But the First Lady remains dismissive. She thinks the persistent questions over Whitewater and Travelgate are a nuisance, to be ignored fiat all possible. In the late fall of 1995, when the then White House counselor David Gergen suggested turning over all Whitewater documents to The Washington Post to show that the White House had nothing to cover up, it was Mrs. Clinton who said no. Some press accounts have speculated that she had something personal to hide, but her intransigence may be more basic: she truly believes she has more important things to do. If it is necessary to stonewall to protect her larger purposes, then so be it.

Mrs. Clinton's righteousness may be softened by her girlish good humor, but its roots nm deep. Her zeal was shaped in large part by two institutions: the Methodist Church and Yale Law School. It is hard, in a more selfish and secular time, to appreciate the fervent strain of social activism that ran through the midcentury, mid-American Methodist Church. "Be doers of the word and not hearers only" was a familiar refrain in her parents' church in Park Ridge, Ill. For a nice suburban Chicago girl in the early '60s, that meant volunteering in the inner city and baby-sitting for migrant workers. At Yale, her missionary impulse turned grandiose. Ivy League grade grubbers who wanted to practice corporate law on Wall Street went to Harvard; idealists went to Yale, where they learned to use the law as a tool of social reform. This spirit was particularly intense in the Yale of the early 1970s--Hillary's Yale. It was liberal, high-minded and suffused with we-know-best paternalism: only courts, not state legislatures, could be trusted to guarantee social justice.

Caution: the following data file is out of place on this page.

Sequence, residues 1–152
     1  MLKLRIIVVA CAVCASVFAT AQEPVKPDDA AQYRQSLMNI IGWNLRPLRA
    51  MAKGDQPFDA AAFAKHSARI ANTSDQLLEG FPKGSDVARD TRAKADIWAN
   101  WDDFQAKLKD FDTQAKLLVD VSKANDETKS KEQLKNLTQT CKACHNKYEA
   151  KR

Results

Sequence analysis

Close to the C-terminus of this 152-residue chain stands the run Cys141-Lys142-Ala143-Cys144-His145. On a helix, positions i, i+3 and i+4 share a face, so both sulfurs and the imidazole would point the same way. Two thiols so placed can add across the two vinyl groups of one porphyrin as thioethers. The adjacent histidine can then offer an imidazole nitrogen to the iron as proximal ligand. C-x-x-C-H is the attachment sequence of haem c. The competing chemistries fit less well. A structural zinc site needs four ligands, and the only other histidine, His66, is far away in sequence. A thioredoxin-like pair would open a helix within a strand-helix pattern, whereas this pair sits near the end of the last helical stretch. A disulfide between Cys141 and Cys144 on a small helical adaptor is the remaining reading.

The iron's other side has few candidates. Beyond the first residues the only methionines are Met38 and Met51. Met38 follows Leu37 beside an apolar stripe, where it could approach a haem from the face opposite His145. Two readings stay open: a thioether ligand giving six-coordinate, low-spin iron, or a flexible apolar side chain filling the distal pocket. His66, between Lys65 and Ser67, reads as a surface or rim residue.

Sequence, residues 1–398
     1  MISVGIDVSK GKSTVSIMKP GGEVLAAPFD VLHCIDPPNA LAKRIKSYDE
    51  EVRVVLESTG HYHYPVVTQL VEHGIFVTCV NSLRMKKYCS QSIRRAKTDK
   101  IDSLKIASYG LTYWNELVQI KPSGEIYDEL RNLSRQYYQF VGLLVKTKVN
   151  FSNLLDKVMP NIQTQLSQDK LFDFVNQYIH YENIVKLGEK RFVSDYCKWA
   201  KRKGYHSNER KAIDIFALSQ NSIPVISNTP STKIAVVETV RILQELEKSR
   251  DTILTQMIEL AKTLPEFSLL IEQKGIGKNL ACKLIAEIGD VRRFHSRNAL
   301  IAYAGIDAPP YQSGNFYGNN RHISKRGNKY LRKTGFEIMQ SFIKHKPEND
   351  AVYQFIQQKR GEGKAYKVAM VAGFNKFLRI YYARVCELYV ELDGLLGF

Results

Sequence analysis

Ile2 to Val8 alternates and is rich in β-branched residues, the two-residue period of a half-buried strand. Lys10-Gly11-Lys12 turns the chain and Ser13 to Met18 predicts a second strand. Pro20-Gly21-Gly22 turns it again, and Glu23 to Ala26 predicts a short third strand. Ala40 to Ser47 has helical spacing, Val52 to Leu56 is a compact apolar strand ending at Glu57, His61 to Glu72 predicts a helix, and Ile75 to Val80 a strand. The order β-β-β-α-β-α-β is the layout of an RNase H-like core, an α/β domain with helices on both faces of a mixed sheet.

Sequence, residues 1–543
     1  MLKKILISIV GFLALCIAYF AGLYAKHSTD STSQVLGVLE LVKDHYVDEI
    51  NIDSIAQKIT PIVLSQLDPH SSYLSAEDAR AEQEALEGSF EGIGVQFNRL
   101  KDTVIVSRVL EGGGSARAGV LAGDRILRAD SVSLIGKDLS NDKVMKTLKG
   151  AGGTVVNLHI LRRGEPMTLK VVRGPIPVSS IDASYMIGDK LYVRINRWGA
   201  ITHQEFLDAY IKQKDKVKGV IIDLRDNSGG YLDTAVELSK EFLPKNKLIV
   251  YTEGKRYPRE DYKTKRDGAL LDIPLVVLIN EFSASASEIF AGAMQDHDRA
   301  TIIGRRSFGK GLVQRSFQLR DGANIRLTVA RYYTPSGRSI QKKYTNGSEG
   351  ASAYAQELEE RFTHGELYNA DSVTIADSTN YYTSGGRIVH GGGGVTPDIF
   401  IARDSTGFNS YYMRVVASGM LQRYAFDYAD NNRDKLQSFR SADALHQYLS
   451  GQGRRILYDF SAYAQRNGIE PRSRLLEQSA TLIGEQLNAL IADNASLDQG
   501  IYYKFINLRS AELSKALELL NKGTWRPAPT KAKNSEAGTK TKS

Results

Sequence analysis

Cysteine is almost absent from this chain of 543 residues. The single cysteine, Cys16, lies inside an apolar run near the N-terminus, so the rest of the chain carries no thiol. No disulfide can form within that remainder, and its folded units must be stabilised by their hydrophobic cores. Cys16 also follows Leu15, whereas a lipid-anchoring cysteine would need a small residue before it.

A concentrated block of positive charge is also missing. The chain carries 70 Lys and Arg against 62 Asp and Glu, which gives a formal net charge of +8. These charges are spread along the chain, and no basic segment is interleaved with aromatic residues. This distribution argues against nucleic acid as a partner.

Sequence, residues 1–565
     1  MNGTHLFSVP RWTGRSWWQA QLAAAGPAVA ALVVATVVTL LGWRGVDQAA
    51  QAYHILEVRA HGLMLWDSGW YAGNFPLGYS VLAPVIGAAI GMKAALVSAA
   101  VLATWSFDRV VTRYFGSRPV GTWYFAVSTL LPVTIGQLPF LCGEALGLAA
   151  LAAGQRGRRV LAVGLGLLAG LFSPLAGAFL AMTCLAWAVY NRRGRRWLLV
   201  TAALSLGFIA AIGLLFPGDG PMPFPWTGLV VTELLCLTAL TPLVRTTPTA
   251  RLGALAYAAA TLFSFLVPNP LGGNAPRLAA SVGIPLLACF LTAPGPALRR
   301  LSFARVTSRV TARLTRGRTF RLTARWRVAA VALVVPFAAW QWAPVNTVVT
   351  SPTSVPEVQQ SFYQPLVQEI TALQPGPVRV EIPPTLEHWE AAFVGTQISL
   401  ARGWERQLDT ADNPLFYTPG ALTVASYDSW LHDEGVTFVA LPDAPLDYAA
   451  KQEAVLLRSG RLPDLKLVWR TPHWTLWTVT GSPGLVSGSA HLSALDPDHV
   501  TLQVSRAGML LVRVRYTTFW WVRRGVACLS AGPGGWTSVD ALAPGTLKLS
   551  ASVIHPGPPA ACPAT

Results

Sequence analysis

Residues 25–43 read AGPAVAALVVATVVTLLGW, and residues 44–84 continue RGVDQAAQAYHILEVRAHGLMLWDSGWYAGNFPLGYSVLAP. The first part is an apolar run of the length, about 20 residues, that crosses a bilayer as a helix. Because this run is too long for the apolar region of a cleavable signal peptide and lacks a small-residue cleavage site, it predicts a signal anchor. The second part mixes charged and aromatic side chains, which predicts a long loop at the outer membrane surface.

Throughout her political and legal career Mrs. Clinton has lobbied for children's rights. "There is no such thing as other people's children," she likes to say. With families breaking down and children increasingly consigned to poverty, it is up to society to step in. That is a central message of her new book. She is sensitive that conservatives will translate the word "Village" in her title to mean "Big Government." She talks instead of a "partnership" between government, churches and charities. But she.has a program for every problem. "The vii]age can do its part to help [with child nutrition]. The U.S. Department of Agriculture has started Team Nutrition," she writes. "The village can do much to give parents the time they need to establish their children's well-being in the first weeks and months of life. The Family and Medical Leave Act. . ."

While her policies are classically liberal, her personal code is quite conservative. She thinks everyone should wait until the age of 21 before having sex. She believes divorce has been made too easy and that couples should stay together for the sake of the kids. Her views on divorce were tested in a personal way. To stay married, she relates in her book, she sometimes had to "bite my tongue." She does not say about what, but both she and her husband have acknowledged rocky times in their marriage, apparently caused by reports of his philandering. Still, Hillary stuck it out. In true Protestant fashion, she says, she learned to will herself to be grateful for the blessings she did have.